Physical: 2x4xHT (16 cores) Xeon E5620 2.4Ghz

Config – 512MB RAM, 10% of 1 core and also 1% of 1 core (look like it’s burst-able)

Benchmark Run: Wed Dec 07 2011 20:46:04 – 21:14:18
1 CPU in system; running 1 parallel copy of tests

Dhrystone 2 using register variables       14152617.2 lps   (10.0 s, 7 samples)
Double-Precision Whetstone                     2851.9 MWIPS (9.9 s, 7 samples)
Execl Throughput                               1588.2 lps   (30.0 s, 2 samples)
File Copy 1024 bufsize 2000 maxblocks        215988.3 KBps  (30.0 s, 2 samples)
File Copy 256 bufsize 500 maxblocks           56996.5 KBps  (30.0 s, 2 samples)
File Copy 4096 bufsize 8000 maxblocks        651739.5 KBps  (30.0 s, 2 samples)
Pipe Throughput                              290994.0 lps   (10.0 s, 7 samples)
Pipe-based Context Switching                  83294.7 lps   (10.0 s, 7 samples)
Process Creation                               3397.9 lps   (30.0 s, 2 samples)
Shell Scripts (1 concurrent)                   2741.2 lpm   (60.0 s, 2 samples)
Shell Scripts (8 concurrent)                    381.3 lpm   (60.0 s, 2 samples)
System Call Overhead                         251441.4 lps   (10.0 s, 7 samples)

System Benchmarks Index Values               BASELINE       RESULT    INDEX
Dhrystone 2 using register variables         116700.0   14152617.2   1212.7
Double-Precision Whetstone                       55.0       2851.9    518.5
Execl Throughput                                 43.0       1588.2    369.4
File Copy 1024 bufsize 2000 maxblocks          3960.0     215988.3    545.4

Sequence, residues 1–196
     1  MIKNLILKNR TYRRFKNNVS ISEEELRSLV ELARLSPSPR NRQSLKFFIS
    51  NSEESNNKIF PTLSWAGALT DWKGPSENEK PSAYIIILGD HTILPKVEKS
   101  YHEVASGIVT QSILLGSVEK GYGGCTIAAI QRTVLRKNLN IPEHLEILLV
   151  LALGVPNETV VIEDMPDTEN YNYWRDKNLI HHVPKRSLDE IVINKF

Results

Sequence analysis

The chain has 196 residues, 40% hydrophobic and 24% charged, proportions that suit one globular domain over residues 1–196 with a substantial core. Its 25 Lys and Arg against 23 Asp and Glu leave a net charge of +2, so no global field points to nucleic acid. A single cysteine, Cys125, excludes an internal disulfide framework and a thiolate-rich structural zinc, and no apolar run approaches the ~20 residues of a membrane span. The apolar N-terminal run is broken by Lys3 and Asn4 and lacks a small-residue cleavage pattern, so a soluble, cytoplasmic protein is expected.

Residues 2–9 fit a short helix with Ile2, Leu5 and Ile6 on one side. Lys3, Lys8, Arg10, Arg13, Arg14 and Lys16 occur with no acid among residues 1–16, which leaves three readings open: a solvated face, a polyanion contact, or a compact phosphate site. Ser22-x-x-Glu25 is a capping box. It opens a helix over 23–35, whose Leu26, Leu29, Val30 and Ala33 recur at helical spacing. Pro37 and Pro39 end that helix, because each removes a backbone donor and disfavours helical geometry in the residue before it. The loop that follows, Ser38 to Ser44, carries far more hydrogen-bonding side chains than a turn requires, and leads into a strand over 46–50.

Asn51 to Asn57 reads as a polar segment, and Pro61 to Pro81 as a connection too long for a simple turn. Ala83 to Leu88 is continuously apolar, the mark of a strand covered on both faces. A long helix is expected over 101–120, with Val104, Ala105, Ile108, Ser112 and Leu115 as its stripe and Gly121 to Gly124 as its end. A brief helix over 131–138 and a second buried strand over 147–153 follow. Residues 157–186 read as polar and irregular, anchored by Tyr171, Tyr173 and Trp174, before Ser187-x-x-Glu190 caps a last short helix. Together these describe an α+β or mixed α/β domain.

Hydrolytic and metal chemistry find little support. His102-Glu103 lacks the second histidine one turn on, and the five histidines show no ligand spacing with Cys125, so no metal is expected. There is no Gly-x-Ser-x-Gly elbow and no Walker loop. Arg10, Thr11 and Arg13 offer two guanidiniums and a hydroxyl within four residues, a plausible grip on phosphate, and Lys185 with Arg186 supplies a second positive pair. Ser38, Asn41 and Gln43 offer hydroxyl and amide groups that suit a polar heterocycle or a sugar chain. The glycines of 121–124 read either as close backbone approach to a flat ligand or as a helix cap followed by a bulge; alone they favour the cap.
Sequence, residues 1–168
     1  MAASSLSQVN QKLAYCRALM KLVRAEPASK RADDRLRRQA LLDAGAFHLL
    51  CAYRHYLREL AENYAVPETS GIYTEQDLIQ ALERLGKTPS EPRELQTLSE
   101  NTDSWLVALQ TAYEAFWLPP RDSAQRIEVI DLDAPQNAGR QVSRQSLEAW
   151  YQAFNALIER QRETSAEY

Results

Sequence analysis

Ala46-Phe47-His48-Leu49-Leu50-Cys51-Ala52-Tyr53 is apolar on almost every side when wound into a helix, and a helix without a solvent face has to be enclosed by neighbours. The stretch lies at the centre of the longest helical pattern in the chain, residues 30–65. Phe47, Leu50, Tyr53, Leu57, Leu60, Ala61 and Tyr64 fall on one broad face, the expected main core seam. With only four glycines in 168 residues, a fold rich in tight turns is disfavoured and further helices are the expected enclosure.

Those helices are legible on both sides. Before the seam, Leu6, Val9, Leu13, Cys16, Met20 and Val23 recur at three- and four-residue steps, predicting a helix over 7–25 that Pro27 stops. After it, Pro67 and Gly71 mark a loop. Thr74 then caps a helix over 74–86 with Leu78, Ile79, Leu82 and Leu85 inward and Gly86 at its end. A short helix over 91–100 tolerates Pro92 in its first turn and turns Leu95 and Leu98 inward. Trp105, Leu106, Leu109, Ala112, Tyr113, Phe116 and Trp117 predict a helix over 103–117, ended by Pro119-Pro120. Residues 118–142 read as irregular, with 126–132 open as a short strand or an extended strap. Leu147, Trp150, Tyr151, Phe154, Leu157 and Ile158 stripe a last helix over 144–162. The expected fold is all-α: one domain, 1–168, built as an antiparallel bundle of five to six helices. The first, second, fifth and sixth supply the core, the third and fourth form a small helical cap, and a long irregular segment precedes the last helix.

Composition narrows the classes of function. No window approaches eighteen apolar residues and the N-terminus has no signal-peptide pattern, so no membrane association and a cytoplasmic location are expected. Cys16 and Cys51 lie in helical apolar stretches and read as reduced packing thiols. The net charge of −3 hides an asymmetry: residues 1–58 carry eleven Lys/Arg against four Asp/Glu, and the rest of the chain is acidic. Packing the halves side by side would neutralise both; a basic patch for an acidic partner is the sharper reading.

File Copy 256 bufsize 500 maxblocks            1655.0      56996.5    344.4
File Copy 4096 bufsize 8000 maxblocks          5800.0     651739.5   1123.7
Pipe Throughput                               12440.0     290994.0    233.9
Pipe-based Context Switching                   4000.0      83294.7    208.2
Process Creation                                126.0       3397.9    269.7
Shell Scripts (1 concurrent)                     42.4       2741.2    646.5
Shell Scripts (8 concurrent)                      6.0        381.3    635.5
System Call Overhead                          15000.0     251441.4    167.6
========
System Benchmarks Index Score                                         433.8

Config – 512M RAM, 1% of 10 core

Benchmark Run: Wed Dec 07 2011 22:05:17 – 22:33:32
10 CPUs in system; running 1 parallel copy of tests

Dhrystone 2 using register variables       13349714.7 lps   (10.0 s, 7 samples)
Double-Precision Whetstone                     2824.6 MWIPS (9.9 s, 7 samples)
Execl Throughput                               1241.2 lps   (30.0 s, 2 samples)
File Copy 1024 bufsize 2000 maxblocks        213946.6 KBps  (30.0 s, 2 samples)
File Copy 256 bufsize 500 maxblocks           56376.5 KBps  (30.0 s, 2 samples)
File Copy 4096 bufsize 8000 maxblocks        660924.3 KBps  (30.0 s, 2 samples)
Pipe Throughput                              301494.5 lps   (10.0 s, 7 samples)
Pipe-based Context Switching                  80504.0 lps   (10.0 s, 7 samples)
Process Creation                               3496.9 lps   (30.0 s, 2 samples)
Shell Scripts (1 concurrent)                   3429.2 lpm   (60.0 s, 2 samples)
Shell Scripts (8 concurrent)                   1309.2 lpm   (60.0 s, 2 samples)
System Call Overhead                         261392.6 lps   (10.0 s, 7 samples)

System Benchmarks Index Values               BASELINE       RESULT    INDEX
Dhrystone 2 using register variables         116700.0   13349714.7   1143.9
Double-Precision Whetstone                       55.0       2824.6    513.6
Execl Throughput                                 43.0       1241.2    288.7
File Copy 1024 bufsize 2000 maxblocks          3960.0     213946.6    540.3
File Copy 256 bufsize 500 maxblocks            1655.0      56376.5    340.6
File Copy 4096 bufsize 8000 maxblocks          5800.0     660924.3   1139.5
Pipe Throughput                               12440.0     301494.5    242.4
Pipe-based Context Switching                   4000.0      80504.0    201.3